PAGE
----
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Clock is Ticking on Senate Stimulus Vote

As time goes on, and more and more people wade through the hundreds of pages that make up the so-called economic stimulus bill, it becomes more and more evident that the Senate, as much as the House, sees this bill as a Democrat wish-list come true that will, like the New Deal, keep our economy in shambles for years. However tempting, I am not going to dissect the package, except to say that like the House version, it is very long on spending and very short on stimulus. What’s more, the area lacking the most in both bills is small business.

What Small Business Can Expect

The House has come up with a generous $880 million out its $819 billion package, or approximately .1% of the total. On the Senate side, the picture is not much better. It is a little better, to be sure, but hardly something to write home about. According to Senator Mary Landrieu (D-LA), Chair of the Senate Committee on Small Business and Entrepreneurship:

The stimulus bill includes $515 million to temporarily eliminate fees associated with 7(a) loans, the most common type of SBA-backed loan. Reducing lender fees will help reverse the downward trend in 7(a) lending, stimulating as much as $15 billion in small business loans. Last fiscal year, 7(a) loans decreased by more than $1.6 billion, or more than 30,000 loans. This fiscal year, 7(a) lending is already down by more than 56 percent.

The package also appropriates $100 million for the temporary waiver of fees on 504 loans, which provide long-term financing to small businesses that are expanding and need to buy equipment, facilities or other fixed assets. 504 loans are down 42 percent this fiscal year compared to this time last year. This funding is estimated to stimulate as much as $5 billion in small business loans.

The bill includes funding for the SBA’s Microloan Program, which provides very small loans to qualifying small businesses. It includes $6 million for the program to handle the increase in demand from micro-businesses that have been crowded out of other financing sources as a result of the credit crisis. This funding will leverage an additional $51 million in microloans, creating or retaining an estimated 10,000 jobs. The bill also provides $24 million for complementary counseling.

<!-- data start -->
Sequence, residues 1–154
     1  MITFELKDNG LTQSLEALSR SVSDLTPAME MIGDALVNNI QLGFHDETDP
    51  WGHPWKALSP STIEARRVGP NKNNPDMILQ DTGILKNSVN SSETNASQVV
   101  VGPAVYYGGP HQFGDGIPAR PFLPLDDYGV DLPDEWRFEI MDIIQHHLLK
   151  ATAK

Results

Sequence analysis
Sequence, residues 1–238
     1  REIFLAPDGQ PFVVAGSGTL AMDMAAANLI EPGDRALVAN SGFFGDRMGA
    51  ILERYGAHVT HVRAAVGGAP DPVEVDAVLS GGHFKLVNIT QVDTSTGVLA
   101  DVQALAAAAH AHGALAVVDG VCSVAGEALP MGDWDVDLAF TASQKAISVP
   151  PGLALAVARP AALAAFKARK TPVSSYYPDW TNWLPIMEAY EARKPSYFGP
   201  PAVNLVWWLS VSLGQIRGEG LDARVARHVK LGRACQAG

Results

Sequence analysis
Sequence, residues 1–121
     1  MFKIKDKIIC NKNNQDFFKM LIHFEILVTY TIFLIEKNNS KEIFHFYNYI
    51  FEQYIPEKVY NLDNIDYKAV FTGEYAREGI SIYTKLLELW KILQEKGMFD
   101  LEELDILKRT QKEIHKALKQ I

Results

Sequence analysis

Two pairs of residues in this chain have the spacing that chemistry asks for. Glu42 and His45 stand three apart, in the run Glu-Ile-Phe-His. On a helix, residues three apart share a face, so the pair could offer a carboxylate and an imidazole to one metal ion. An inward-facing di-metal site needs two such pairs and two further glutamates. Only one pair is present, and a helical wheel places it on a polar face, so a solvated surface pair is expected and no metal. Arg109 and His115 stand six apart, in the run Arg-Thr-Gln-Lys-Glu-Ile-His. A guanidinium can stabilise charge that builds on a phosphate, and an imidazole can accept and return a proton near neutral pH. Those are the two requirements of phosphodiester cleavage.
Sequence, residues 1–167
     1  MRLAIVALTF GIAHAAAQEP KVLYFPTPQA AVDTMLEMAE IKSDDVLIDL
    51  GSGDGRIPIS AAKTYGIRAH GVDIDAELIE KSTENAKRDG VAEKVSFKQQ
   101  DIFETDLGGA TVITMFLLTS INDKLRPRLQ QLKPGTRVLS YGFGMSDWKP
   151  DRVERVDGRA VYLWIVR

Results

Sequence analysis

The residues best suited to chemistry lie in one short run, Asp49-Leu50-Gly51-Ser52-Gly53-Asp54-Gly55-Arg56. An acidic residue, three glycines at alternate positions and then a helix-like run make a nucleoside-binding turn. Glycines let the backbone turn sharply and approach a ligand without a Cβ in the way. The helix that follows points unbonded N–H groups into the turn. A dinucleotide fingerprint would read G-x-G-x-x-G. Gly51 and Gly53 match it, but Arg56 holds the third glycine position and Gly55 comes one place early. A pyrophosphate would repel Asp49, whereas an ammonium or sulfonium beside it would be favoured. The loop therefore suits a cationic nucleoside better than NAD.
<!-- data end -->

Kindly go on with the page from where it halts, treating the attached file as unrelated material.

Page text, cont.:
To provide accountability, the package contains $10 million for the SBA Inspector General’s oversight of SBA stimulus funds and $15 million for increased lender oversight.

That is $715 million in funds with the expectation of creating or retaining 10,000 jobs and the hope of stimulating some $15 billion in small business loans. The House version only sought to stimulate $2 billion in loans, so I imagine that the Senate version is a step in the right direction. But $715 million in funding—and that includes funding for oversight and enforcement is, like the House version, a mere drop in an $885 billion bucket, some .08% of the total.

Small Business Deserves More Than Pork-Project Spending

There is no secret that the so-called stimulus bills are, more than anything else, pork spending bills, a wish list that goes back a generation or more. At a recent Democratic Caucus gathering, President Obama came out and said as much, telling the audience that the stimulus bill was, in fact, a spending bill. Unfortunately, that is not what America needs right now.

What America needs is a bill that focuses on creating jobs, rebuilding industries, and breathing life into the American economy. These things are done via the private sector, not the public sector. They are accomplished by low taxes and reasonable regulation through the free-market system, not by some quasi-socialist government investment scheme. More than anything else, it is done by encouraging small businesses.

Right now, with such a low level of stimulus for small business, it simply will not work. Yes, the tax breaks will help, but the amount of stimulus needed to shock the system into full function again is simply not there. Remember, it took the dedicated rearmament of World War II to snap the US out of the Great Depression, not the New Deal. There were ships and planes and tanks to build, uniforms to make and food to can. America’s basic industries were called on to produce, and they did. That is not the case here. Our government is not asking us to produce, it is not even thinking how we can rebuild our capacity to produce the way we did all those years ago. No, for the most part the US Government is funding itself, or state or local governments, to pay for things these lawmakers and their parties have wanted for years.

The Bottom Line

The fact is, for small business, which is losing jobs at an unheard of rate, all of this is simply too little, too late. I think that small business, the great jobs engine of the US economy, deserves better. If we are to recover, it must have better than the miserly allowance that Congress and the President have allotted for it.

Like many others, I have contacted my senators as well as the three Republicans who crossed party lines to pledge their support to the bill. I have voiced my concerns to them and asked the Republicans not to vote for the measure (I know the Democrats are fully invested). I hope you have as well, demanding that it do more for small business. 

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